Hundreds of police officers in Hong Kong improperly accessed a woman’s case file after she was arrested for allegedly having sex on the balcony of a high-rise residential building, local media reported this week.
A clip that showed a naked couple fornicating on the balcony of a private apartment went viral in June. Taken from an adjacent building apparently without their knowledge, the video led to the arrest of a 36-year-old woman and a 30-year-old man.
Both were detained on suspicion of “outraging public decency,” a common-law offense that is punishable by up to seven years in prison.
Local media reported that the Hong Kong police conducted an internal investigation after a large number of officers logged into the internal system to snoop on the woman and accessed her case file without authorization. Some officers even took photos of her mugshot and shared them with colleagues in WhatsApp groups, the reports said.
According to local newspaper Mingpao, the force said officers did not commit a criminal offense as they merely acted “out of curiosity.” Another report said the investigation did not result in severe punishment because too many officers, including senior ones, were involved.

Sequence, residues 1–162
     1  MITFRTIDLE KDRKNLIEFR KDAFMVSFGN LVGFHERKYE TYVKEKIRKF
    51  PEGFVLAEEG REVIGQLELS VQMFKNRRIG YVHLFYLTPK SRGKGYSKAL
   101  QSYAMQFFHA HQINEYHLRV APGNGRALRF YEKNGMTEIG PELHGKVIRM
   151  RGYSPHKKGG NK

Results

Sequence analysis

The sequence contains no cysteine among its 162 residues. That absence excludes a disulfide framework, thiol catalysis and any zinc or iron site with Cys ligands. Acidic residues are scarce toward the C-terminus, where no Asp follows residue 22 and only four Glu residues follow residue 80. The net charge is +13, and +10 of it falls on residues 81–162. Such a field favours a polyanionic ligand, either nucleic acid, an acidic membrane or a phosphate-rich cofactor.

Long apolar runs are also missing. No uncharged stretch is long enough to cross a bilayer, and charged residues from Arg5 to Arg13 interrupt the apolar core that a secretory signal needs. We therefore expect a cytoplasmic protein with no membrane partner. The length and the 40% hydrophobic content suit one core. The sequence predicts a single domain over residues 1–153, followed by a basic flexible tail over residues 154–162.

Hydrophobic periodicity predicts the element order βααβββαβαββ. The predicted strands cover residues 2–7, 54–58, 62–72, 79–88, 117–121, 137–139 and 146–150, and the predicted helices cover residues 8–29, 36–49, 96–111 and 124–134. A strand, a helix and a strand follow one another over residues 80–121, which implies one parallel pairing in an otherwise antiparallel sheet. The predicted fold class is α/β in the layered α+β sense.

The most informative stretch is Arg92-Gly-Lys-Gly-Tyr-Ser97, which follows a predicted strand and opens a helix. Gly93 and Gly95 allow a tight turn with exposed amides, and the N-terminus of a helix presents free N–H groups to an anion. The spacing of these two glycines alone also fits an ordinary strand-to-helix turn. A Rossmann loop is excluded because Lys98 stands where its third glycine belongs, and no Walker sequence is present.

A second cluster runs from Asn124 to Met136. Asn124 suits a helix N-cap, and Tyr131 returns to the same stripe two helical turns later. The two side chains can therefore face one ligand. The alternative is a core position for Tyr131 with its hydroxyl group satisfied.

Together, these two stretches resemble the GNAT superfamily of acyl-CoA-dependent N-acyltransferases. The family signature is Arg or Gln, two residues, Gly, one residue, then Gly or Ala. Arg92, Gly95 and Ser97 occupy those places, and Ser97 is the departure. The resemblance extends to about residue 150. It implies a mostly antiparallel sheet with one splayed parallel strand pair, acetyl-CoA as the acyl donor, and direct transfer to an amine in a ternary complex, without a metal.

In a written reply to VICE World News, the Hong Kong police force said those found to have violated police regulation were disciplined accordingly, but did not disclose details of the punishment as well as the number of officers involved.
Some have questioned the results of the probe.
Linda Wong, executive director of Rainlily, a Hong Kong group that supports female victims of sexual violence, described the incident as shocking.
She noted that Hong Kong passed a new law last year to criminalize the publication of intimate images or videos without consent and officers have received training on how to handle these sensitive materials. “The most important principle in cases related to intimate images is to protect the privacy of the victims,” Wong told VICE World News. “We did not expect officers to knowingly break the law.”
She called on the authorities to review the internal system and disclose the results of the investigation in order to restore public confidence in the force.
Barrister Albert Luk Wai-hung told Mingpao curiosity is not an acceptable reason to exempt officers’ criminal liability.
Luk suggested their actions could constitute misconduct in public office, given officers distributed the image of the woman, whose face was not captured in the initial viral video. Secretly logging in the system to examine information without authorization could also amount to accessing computers with dishonest intent, an offense that could result in up to five years of imprisonment.